Duke Hospital receives safety grade of A, climbs from C grade last year

If Duke Hospital can bounce back from a bad grade, then so can you. 

After receiving a C last year, Duke University Hospital’s safety grade rose to an A, as rated by the nonprofit Leapfrog Group. 

Duke’s Leapfrog rating earned above average scores in every measure in two of five sections: Practices to Prevent Errors alongside Doctors, Nurses and Hospital Staff. The staff ratings measure responsiveness, communication and effective leadership, whereas measures for error prevention include handwashing and safe medication administrations.

The Leapfrog Hospital Safety Grade is a service from the non-profit Leapfrog Group that provides a standard measure of safety ratings determined by performance measures, surveys and other data to determine a hospital’s ability to avoid “preventable harm and medical errors.” The organization has been grading hospitals since 2012. 

It rated approximately 2,600 hospitals in Spring 2019, including 79 in North Carolina. Roughly a third of hospitals received an A grade.

In Spring 2018, Duke Hospital’s rating fell to a C after hovering at an A in 2016 and 2017. According to analysis from the Armstrong Institute for Patient Safety and Quality, patients have an 87.7% higher chance of dying at a C-graded hospital than one that has an A grade. 

Duke Hospital President Thomas Owens told The Chronicle at the time that the data used by Leapfrog was three years old, and that Duke Hospital would double its efforts around “infection prevention, hand-washing and high-intensity room cleaning.”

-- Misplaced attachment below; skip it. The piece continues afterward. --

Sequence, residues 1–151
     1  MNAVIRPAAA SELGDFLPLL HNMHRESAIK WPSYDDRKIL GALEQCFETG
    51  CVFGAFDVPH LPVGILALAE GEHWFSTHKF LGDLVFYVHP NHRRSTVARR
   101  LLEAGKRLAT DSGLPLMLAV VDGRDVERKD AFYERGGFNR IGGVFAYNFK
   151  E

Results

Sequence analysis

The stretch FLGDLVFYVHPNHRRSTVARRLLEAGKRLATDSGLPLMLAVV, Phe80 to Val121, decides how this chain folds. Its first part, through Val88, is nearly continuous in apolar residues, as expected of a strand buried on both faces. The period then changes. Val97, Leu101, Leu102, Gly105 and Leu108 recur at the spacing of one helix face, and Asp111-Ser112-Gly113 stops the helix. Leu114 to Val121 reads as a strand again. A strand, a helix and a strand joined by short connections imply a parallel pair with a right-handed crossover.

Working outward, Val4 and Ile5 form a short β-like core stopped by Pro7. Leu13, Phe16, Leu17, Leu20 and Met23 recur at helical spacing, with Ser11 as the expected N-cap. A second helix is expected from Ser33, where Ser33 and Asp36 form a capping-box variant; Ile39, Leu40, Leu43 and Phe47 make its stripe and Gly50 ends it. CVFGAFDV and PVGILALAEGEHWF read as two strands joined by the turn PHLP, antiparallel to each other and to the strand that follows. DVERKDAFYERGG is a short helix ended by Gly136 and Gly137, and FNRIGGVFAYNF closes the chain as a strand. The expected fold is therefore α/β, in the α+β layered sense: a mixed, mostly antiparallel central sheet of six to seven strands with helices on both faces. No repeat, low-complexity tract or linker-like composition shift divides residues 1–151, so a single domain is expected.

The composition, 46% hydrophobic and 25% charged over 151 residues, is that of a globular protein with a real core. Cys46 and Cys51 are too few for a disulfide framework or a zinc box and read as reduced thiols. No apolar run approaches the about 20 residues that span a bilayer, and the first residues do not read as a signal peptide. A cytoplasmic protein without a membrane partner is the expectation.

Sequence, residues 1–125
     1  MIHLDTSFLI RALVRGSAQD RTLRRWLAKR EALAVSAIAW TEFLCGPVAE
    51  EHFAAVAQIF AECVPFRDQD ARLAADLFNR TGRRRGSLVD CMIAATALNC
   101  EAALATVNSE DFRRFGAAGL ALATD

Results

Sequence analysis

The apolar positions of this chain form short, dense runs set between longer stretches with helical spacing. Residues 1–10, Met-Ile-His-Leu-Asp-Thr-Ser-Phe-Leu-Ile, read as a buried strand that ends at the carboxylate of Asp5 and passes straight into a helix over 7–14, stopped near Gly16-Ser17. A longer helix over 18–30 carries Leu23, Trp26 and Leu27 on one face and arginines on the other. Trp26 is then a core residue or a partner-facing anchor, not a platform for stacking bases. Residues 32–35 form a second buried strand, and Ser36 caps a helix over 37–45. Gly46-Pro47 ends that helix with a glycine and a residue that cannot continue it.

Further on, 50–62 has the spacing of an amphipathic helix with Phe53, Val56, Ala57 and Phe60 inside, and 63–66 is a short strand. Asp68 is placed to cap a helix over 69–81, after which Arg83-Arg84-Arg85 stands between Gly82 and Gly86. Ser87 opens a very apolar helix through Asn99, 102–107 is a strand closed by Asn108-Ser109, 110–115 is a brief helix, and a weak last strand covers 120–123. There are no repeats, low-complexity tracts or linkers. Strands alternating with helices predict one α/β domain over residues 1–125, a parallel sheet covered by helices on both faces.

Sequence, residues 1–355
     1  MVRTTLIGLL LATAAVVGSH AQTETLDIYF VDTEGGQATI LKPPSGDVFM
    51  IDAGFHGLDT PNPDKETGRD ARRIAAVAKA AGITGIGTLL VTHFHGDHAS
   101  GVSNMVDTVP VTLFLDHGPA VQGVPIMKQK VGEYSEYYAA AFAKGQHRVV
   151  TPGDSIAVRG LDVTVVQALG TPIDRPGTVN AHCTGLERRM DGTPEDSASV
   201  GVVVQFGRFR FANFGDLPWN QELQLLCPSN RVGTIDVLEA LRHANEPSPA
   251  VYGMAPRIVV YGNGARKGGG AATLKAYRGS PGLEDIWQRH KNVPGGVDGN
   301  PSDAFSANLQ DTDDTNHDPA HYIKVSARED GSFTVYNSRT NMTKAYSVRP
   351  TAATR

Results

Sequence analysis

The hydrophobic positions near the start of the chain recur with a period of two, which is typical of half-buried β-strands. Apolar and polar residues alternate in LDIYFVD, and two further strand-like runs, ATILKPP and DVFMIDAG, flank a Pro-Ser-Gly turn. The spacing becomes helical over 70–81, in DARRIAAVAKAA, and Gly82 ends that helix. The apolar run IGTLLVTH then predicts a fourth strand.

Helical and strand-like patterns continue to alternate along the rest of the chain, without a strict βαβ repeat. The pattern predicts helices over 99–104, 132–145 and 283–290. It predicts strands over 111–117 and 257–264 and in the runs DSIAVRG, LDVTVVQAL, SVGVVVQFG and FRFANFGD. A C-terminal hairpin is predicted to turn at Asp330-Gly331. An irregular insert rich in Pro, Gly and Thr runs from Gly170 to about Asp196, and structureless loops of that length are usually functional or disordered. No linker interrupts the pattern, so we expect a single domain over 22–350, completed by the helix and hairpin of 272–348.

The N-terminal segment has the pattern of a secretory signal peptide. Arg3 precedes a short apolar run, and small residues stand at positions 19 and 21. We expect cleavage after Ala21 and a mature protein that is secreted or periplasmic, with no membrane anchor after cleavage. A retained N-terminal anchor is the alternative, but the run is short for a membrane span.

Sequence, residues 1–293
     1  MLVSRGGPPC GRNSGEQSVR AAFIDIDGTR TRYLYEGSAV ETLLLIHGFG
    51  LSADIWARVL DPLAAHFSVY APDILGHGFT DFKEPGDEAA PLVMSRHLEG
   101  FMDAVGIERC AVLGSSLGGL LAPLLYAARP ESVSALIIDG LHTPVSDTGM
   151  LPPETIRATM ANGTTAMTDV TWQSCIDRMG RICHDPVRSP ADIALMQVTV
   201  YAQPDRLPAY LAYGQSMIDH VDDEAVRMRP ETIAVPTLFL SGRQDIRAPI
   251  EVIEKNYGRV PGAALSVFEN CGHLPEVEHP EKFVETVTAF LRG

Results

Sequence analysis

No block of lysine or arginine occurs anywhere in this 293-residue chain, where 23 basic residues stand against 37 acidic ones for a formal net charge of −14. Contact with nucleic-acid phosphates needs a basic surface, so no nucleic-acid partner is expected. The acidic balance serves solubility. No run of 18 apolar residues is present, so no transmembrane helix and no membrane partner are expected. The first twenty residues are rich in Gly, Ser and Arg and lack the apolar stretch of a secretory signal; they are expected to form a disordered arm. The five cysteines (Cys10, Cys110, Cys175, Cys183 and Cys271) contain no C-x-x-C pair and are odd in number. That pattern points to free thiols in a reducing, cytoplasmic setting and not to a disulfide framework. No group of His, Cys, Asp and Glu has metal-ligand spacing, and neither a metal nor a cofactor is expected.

This year, Duke scored well in all measures for safety problems—such as bed sores and risk reduction—except in patient falls and injuries, where it scored worse than average. Although Duke’s rating in dangerous bedsores was better compared to last year’s, its score in patient falls remained below average. 

Duke’s measures for problems with surgery were mixed, with an above average score in four out of seven measures. Superior measurements included collapsed lungs, accidental cuts and tears, serious breathing problems and dangerous objects left in patients. 

However, the below average metrics were related to surgical wounds splitting open, dangerous blood clots and death from serious treatable complications. Accidental cuts and tears and collapsed lung ratings improved from last year, but the score for death from serious treatable complications was lower. 

Duke’s worst section was Infections, where the hospital registered as worse than average on three of five of measurements, including blood infection, surgical site infection after colon surgery and C. diff infection—a common infection in hospitals that causes diarrhea and digestive tract pain. Infection in the urinary tract and MRSA infection ratings were average.

Duke Regional Hospital and Duke Raleigh Hospital also received A’s this year. University of North Carolina Hospitals in Chapel Hill also earned an A, yet WakeMed Cary Hospital and WakeMed Raleigh Hospital scored B’s. 

Overall, hospitals in the Triangle had high safety ratings compared to the state and nation. In North Carolina, 34% of hospitals received an A, earning the state 19th place in the country.


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